Editor's note: Samuel Burke is a three-time Emmy Award-winning journalist and the host of the new podcast “Suddenly Family.”
Confusion. Disbelief. Denial.
Those were the emotions cutting through me as I looked at my dad’s DNA results. We come from a small Jewish family, but this at-home test was showing a big discovery none of us could explain.
“Dad, it says you’re Mormon.” Words I never thought I’d utter. My father’s response shocked me even more.
“I know,” he said as my eyes widened. “I saw that when the results came in. But it’s so preposterous that I just ignored it.”
You can ignore DNA results, but that doesn’t make them go away. The test classifies my dad (and by extension me) as “Mountain West Mormon Pioneers.” We had no idea a scientific test could tell if someone comes from a relatively-new proselytizing religion like the Mormon Latter-day Saints Church.
I was determined to solve this mystery, but the deeper I dove into it the more I realized our lives would never be the same again. When I finally untangled the web, my heart broke as I watched the DNA test steal a part of my dad, his heritage and identity.
“It changed my whole perspective on who I was,” my dad admits (notice how he refers to who he “was” in the past tense).
At-home DNA testing has become commonplace in the U.S., and this nearly $10 billion market is now taking off around the world. There’s a secret side to these kits, which the DNA industry doesn’t like to talk about.
Experts find that as many as 11% of people who take a DNA test discover that one of their parents is not their biological parent, according to the American Journal of Physical Anthropology. This sounded ridiculous to me... until it happened twice in my very own family.
The advertising for DNA testing focuses on positive stories of people who were seeking out answers about their ethnic backgrounds. They don’t spotlight families like mine whose lives are turned upside down by a simple swab of the cheek.
For my family, the DNA test wasn’t just adding a new chapter in our lives. It seemed as though it was rewriting our life story. After my mom sent in her sample, we received a cryptic email from a woman whose family attended our same synagogue. As I read the stranger’s email, I realized the woman was insinuating she and my mom are sisters. When I found a picture of the woman, my jaw literally dropped. My mom took one look at the photo and made a blunt proclamation.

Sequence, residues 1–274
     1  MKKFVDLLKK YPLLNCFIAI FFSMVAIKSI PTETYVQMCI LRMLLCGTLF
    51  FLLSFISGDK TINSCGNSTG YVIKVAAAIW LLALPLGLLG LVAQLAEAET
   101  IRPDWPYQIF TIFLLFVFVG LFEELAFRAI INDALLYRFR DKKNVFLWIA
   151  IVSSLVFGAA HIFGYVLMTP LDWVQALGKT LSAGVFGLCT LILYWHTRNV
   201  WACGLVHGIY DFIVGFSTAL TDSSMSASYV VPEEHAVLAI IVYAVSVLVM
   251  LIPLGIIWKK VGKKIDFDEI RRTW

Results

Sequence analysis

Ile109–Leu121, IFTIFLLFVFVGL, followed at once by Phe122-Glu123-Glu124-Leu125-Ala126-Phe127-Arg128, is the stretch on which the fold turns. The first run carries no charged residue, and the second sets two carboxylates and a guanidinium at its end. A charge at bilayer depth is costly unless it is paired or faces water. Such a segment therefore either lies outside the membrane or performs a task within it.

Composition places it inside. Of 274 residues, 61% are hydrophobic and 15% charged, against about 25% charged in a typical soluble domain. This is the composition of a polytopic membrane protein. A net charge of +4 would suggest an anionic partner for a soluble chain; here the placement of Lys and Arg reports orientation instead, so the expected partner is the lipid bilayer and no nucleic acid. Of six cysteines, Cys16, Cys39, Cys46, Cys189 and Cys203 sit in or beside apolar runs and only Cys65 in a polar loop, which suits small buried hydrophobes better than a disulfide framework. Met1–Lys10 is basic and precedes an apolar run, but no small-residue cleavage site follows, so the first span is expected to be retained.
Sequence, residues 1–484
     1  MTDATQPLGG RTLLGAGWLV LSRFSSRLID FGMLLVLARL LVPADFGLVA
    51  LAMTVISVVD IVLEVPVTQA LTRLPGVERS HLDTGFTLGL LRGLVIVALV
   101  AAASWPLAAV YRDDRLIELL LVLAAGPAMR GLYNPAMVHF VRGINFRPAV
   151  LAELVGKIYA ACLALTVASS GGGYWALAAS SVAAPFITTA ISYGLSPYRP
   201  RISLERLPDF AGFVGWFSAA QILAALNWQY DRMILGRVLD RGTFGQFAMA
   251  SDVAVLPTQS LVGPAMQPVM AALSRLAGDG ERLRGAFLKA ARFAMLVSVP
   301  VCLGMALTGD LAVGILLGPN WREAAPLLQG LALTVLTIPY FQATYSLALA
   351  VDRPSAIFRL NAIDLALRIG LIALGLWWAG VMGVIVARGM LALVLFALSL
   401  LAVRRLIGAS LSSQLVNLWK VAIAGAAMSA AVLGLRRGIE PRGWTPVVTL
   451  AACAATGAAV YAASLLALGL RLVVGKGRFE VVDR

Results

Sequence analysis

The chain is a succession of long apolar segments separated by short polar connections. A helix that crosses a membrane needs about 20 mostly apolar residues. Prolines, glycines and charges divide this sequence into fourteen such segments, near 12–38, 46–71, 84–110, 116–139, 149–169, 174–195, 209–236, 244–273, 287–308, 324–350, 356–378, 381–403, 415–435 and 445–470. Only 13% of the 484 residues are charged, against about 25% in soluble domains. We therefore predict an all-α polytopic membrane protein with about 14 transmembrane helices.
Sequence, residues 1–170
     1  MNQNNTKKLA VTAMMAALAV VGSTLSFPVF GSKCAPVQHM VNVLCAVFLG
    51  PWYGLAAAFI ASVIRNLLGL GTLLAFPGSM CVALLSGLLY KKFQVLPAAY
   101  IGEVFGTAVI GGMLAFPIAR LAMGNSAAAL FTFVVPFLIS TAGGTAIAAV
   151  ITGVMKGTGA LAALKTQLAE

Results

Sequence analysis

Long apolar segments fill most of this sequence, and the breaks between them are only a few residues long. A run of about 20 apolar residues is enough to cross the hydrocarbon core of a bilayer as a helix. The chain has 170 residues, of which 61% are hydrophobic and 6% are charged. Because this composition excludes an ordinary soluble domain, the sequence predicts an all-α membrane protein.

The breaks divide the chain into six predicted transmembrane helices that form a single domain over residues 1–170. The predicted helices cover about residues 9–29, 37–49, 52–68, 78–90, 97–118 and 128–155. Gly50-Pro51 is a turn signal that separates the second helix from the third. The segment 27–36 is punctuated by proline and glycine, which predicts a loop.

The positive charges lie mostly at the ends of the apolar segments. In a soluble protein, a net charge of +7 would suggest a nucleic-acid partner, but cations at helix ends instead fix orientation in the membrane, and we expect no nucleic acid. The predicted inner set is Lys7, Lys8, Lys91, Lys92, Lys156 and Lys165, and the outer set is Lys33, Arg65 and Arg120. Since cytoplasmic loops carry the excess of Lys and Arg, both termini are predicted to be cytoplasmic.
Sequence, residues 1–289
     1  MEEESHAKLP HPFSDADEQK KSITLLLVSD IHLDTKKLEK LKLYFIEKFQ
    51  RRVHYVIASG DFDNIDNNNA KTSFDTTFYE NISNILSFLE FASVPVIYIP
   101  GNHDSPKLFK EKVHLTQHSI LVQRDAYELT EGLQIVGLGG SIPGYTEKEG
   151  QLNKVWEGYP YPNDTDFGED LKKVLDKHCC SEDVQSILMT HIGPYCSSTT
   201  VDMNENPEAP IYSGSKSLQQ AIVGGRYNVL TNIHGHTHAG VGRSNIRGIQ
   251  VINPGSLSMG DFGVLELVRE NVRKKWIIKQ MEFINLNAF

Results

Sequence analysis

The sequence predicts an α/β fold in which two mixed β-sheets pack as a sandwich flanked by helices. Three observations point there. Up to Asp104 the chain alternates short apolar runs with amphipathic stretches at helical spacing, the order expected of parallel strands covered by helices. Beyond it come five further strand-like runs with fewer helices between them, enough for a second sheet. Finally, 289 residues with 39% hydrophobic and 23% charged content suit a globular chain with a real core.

“Well, we don’t need a DNA test. She’s obviously my sister,” she said as she stared at her new younger sister in amazement.
A third DNA shock brought my family closure to the case of a missing cousin who disappeared in the late ‘80s. We believed he had died from HIV/AIDS.
The DNA test began adding and subtracting the people I called “family” so quickly that I started questioning the very meaning of the word. Are family the people who you are raised with? Or the people you’re related to?
I began documenting my family’s own journey as well as a dozen other families around the world whose lives were torn apart and put back together by DNA testing. Two years of listening in on these families’ rollercoaster journeys is now a podcast called “Suddenly Family.”
Infidelity. Blackmail. Murder mysteries. Kidnapping. Clandestine artificial insemination. These families have experienced it all. Their DNA plots sound more like blockbuster thrillers, but behind that are the emotional firsthand accounts of people who’ve had to pick up the pieces of their lives and start all over again.
What type of relationship do you owe a relative stranger you had never met before the DNA test? What happens to the close family you no longer share a bloodline with?
These were the questions I needed answered and the families who let me listen in on their most intimate DNA moments truly provided them.
I learned more about what the family I’ve had all my life means to me after developing relationships with my newly discovered family.
Now that the dust has settled, my dad summarizes what this gut-wrenching DNA experience has meant to him:
“It’s now just a matter of fact. It's not good. It's not bad. It just is.”
Listen to the podcast here.